MTU predicts substantial MRO growth in 2021

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MTU foresees substantial growth for its civilian maintenance business in 2021, while commercial engine manufacturing revenue is set to remain flat.

MTU foresees substantial growth for its civilian maintenance business in 2021, while commercial engine manufacturing revenue is set to remain flat.

The German engine subassembly manufacturer and maintenance provider gave it’s “initial outlook for 2021”, as part of a capital market day on 19 November.

MTU on wing maintenance

Source: MTU

Noting the company’s “strong position” for narrowbody engine MRO and a “large customer base” among freight operators, MTU predicts that its commercial engine revenue will grow “in the 20% range” in 2021, while spare part sales will be “slightly higher” than in the current year.

The company believes that it will benefit from a quicker recovery of domestic airline flights versus international services, which have been more severely affected by travel restrictions

Chief programme officer Michael Schreyogg states: “Use of modern aircraft like the [Airbus] A320neo is strong, so we will see a significant rise in maintenance of PW1100G-JM engines in the future.”

MTU reiterates its commitment to expanding its overhaul joint venture with China Southern Airlines’ parent in Zhuhai and to the construction of a component repair shop near Serbian capital Belgrade. Both projects began planning before the pandemic.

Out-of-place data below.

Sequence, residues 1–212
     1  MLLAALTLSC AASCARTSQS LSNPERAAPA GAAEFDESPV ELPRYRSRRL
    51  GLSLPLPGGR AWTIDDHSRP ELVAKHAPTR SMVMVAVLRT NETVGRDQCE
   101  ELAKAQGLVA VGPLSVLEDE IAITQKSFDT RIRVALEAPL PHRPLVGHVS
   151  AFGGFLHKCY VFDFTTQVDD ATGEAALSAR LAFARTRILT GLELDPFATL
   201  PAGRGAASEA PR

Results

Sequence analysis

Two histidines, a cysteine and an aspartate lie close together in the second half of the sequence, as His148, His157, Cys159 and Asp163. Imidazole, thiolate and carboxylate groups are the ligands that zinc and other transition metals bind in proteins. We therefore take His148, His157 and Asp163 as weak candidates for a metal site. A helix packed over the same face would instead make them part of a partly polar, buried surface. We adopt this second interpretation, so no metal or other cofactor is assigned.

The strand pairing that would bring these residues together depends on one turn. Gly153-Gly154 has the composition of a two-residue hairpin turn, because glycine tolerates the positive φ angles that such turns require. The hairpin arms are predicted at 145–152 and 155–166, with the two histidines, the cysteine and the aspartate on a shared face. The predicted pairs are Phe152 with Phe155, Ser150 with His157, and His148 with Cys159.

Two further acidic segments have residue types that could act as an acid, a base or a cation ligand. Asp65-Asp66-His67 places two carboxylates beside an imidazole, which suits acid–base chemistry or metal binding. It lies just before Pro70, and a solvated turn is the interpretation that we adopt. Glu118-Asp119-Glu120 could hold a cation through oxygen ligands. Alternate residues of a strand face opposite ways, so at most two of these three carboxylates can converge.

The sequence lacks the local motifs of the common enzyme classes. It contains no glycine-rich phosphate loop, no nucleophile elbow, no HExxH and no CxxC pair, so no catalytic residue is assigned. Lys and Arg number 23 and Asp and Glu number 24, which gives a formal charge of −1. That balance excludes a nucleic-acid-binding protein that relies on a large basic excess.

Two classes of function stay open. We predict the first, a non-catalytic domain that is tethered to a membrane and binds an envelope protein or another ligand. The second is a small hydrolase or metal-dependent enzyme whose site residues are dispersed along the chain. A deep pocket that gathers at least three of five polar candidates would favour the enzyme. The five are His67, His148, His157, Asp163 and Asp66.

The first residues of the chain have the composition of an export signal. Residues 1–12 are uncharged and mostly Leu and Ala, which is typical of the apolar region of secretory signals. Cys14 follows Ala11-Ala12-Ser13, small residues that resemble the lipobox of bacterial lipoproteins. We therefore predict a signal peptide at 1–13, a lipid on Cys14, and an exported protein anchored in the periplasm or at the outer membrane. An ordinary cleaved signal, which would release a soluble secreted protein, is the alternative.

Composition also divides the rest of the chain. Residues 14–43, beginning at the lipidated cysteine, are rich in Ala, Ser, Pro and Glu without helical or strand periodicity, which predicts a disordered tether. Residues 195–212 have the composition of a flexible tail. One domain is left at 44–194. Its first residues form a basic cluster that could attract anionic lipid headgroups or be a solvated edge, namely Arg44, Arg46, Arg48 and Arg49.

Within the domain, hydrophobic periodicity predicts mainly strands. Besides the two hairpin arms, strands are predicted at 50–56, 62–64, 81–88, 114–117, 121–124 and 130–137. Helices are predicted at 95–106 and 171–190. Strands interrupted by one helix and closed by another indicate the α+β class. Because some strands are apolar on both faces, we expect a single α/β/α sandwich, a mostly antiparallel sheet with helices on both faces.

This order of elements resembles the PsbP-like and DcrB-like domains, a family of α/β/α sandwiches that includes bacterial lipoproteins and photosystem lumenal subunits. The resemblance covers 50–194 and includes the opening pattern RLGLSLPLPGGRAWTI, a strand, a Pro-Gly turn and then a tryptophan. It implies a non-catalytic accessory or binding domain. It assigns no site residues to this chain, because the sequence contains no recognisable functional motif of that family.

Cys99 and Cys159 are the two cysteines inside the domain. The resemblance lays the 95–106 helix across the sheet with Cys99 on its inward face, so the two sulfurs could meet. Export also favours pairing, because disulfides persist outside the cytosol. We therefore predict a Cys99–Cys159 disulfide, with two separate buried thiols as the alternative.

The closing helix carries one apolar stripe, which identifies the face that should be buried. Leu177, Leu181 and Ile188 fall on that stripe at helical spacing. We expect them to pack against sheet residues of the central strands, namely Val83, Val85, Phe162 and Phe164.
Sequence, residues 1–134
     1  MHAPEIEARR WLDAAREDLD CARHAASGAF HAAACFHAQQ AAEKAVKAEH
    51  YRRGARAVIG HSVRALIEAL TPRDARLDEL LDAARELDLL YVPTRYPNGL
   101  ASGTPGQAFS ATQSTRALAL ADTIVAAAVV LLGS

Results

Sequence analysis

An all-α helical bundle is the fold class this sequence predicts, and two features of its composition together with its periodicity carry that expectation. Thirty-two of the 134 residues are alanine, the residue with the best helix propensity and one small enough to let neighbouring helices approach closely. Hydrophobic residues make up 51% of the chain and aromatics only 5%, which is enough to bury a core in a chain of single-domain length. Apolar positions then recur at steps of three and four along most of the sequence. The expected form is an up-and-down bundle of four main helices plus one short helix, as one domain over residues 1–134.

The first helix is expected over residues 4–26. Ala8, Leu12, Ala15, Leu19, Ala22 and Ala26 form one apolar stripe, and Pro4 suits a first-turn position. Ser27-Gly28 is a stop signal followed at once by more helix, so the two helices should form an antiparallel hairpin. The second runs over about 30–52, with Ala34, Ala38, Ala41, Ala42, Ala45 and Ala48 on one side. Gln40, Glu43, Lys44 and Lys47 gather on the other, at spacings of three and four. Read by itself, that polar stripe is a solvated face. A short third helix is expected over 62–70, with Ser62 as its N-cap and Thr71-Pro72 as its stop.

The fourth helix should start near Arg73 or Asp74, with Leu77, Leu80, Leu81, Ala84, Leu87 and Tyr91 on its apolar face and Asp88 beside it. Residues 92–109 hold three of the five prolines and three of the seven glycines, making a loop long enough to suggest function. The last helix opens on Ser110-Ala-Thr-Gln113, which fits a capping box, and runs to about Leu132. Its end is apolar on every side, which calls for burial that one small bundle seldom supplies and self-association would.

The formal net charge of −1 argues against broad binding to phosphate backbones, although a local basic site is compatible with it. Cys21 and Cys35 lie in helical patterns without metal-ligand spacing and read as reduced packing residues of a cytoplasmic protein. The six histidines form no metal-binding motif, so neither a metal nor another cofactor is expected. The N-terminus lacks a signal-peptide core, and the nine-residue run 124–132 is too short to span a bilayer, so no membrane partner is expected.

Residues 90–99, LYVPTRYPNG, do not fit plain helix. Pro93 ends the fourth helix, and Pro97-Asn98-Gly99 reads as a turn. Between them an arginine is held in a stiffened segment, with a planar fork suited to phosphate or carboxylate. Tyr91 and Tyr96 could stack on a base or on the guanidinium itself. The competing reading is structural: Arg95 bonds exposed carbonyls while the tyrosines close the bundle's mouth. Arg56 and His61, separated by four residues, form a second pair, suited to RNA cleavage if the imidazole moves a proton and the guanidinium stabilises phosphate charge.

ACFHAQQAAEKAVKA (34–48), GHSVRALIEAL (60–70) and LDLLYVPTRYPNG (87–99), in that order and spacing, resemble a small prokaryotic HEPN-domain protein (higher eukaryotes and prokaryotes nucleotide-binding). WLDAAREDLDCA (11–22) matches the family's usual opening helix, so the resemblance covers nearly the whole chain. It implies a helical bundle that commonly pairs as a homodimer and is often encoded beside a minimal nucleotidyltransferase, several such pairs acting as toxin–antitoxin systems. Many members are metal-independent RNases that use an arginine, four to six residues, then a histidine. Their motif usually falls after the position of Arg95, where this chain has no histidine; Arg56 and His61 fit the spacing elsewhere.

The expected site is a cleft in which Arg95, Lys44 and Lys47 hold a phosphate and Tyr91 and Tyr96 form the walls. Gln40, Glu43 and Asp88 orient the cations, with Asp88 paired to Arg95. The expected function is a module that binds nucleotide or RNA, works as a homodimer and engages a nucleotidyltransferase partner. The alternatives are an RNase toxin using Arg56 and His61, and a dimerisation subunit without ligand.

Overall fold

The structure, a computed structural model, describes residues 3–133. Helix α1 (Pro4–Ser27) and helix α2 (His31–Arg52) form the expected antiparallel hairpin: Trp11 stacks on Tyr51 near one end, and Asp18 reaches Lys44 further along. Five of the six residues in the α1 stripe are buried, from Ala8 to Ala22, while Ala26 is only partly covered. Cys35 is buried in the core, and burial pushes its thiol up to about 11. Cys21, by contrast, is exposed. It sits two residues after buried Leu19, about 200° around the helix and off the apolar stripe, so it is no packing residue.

Meanwhile, commercial engine manufacturing activities will “make a stable contribution to revenue in 2021”.

Schreyogg says: “There are signs that production will be ramped up again in the mid-term, especially production of the A320neo… We are optimally prepared for that.”

The company says that its “entire value chain from product design and supplier management, through procurement strategy, quality management and cost management to automation and digitalization” has been set up with an aim to “maximize production flexibility”.

Military activities will see “slight growth” in 2021.

In order to help weather the crisis, MTU has “considerably” increased liquidity reserves in 2020 and launched restructuring efforts that will result in a 10-15% capacity adjustment by the end of 2021, finance chief Peter Kameritsch says.

Chief executive Reiner Winkler states: “We see the coming years as a restart phase in which we will use our technological leadership, innovative strength and flexibility to extend our good starting position, so that we can derive above-average benefit from the growth of the sector from 2024.”

The company will concentrate on “organic growth” in future, he notes.

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